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943 women killed in the name of honour during 2011: HRCP

ISLAMABAD: At least 943 women were killed in the name of honour during 2011 in Pakistan, of which 93 were minors, according to a report released here on Thursday by the Human Rights Commission of Pakistan (HRCP).

The report titled “State of Human Rights in 2011″ seven Christian and two Hindu women were among the victims.

701 women committed suicide and 428 tried to end their lives, while 4,500 cases of domestic violence against women were reported during the year.

The provisions of Sexual Harassment Act had not been implemented by many ministries.

Only three hospitals nation-wide had adopted the law.

The report further revealed that 16 journalists were killed in the country in 2011.

The judiciary and the executive remained on a collision course most of the time.”

Extra-judicial killings included 517 killed in drone attacks, 337 in police encounters and 173 people abducted and murdered in Balochistan, besides 2,307 people were killed and 4,341 injured in terrorist raids, including suicide and sectarian attacks during the period.

Similarly 1,715 people were killed in sudden flare-ups of violence in Karachi.

Crime remained rampant while poor investigative methods prevented bringing criminals to justice.

Fresh legislation was not high on government’s priorities in 2011 and some of the reasons, including its battle for survival, were obvious.

The most remarkable feature of the legislative work that could be managed was the enactment of women-friendly laws and the government’s trend-setting practice of supporting private members bills.

The need for domestic legislation required for the implementation of international instruments, including the newly ratified Covenants and the Convention against Torture was left unrealised.

Most of the 29 Acts adopted during the year revived or amended old status, one prominent exception being the 19th Amendment.

The Supreme Court’s bid to clean up the administration of corrupt and irregular practices overshadowed the judicial system’s functioning in 2011.

The cases of disappearance were heard throughout the year but no breakthrough was possible.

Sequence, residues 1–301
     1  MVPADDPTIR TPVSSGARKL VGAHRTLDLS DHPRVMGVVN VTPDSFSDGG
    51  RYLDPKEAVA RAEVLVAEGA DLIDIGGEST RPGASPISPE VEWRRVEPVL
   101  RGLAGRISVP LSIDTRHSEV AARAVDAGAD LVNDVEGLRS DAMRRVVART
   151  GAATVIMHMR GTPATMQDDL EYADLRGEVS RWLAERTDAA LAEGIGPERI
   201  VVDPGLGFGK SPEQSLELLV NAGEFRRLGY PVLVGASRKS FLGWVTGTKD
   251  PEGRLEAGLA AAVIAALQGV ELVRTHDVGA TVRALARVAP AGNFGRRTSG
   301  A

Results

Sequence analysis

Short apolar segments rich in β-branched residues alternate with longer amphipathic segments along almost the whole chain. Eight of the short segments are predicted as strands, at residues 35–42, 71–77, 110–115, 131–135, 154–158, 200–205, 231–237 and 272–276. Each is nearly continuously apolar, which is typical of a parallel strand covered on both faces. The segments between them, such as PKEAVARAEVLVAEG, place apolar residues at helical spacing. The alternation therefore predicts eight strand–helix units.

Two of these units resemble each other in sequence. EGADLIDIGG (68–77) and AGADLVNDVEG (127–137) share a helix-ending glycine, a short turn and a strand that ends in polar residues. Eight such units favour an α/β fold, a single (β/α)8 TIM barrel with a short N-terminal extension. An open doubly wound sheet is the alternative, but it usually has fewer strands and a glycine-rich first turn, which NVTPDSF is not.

Nobody was hanged in 2011 but the government could not formalise the moratorium on execution, the number of people awarded death sentence was lower than in 2010.

An overwhelming majority of the nearly 78,000 people being held in Pakistan’s prisons were under trial.

Ninety two inmates died in prisons across Pakistan in 2011.

About 313 people were sentenced to death by various courts in 2011, including six women.

According to HRCP, 62 new cases of enforced disappearance were verified, 35 of these disappearances occurred in Balochistan and 20 in Sindh.

Dead bodies of 173 victims of enforced disappearance were recovered in Balochistan.

Report further stated that military operations and actions of extremist militants prevented the citizens from venturing into large parts of the country.

Ethnic, sectarian and political violence and crime feuds made parts of Karachi no-go zones for large sections of the population.

Despite official claims of putting in practice rules for regulating the Exit Control List, arbitrary restrictions on travel were reported.

Excessive delays in issuance of passports proved a hindrance for those who wished to go abroad.

At least 600 clerics were barred from various districts during Muharram in a bid to prevent sectarian tensions.

The population of Kurram Agency remained besieged amid regular attacks by militants on the road connecting the region to the rest of the country.

Escalating fuel cost and lack of public transport also made movement difficult and magnified the distances.

Three hundred and eighty nine people were killed and 601 injured in incidents of violence targeted against various Muslim sects in 2011.

More than 100 Hazara Shias were killed in targeted attacks in Balochistan and a large number was reported to be fleeing the province.

At least six Ahmedis were murdered in target killings.

The Hindu community’s concerns over the abduction and subsequent forced conversion of girls and young women were not addressed.

At least eight people were booked under the blasphemy law.

Another three were given capital punishment under that law.

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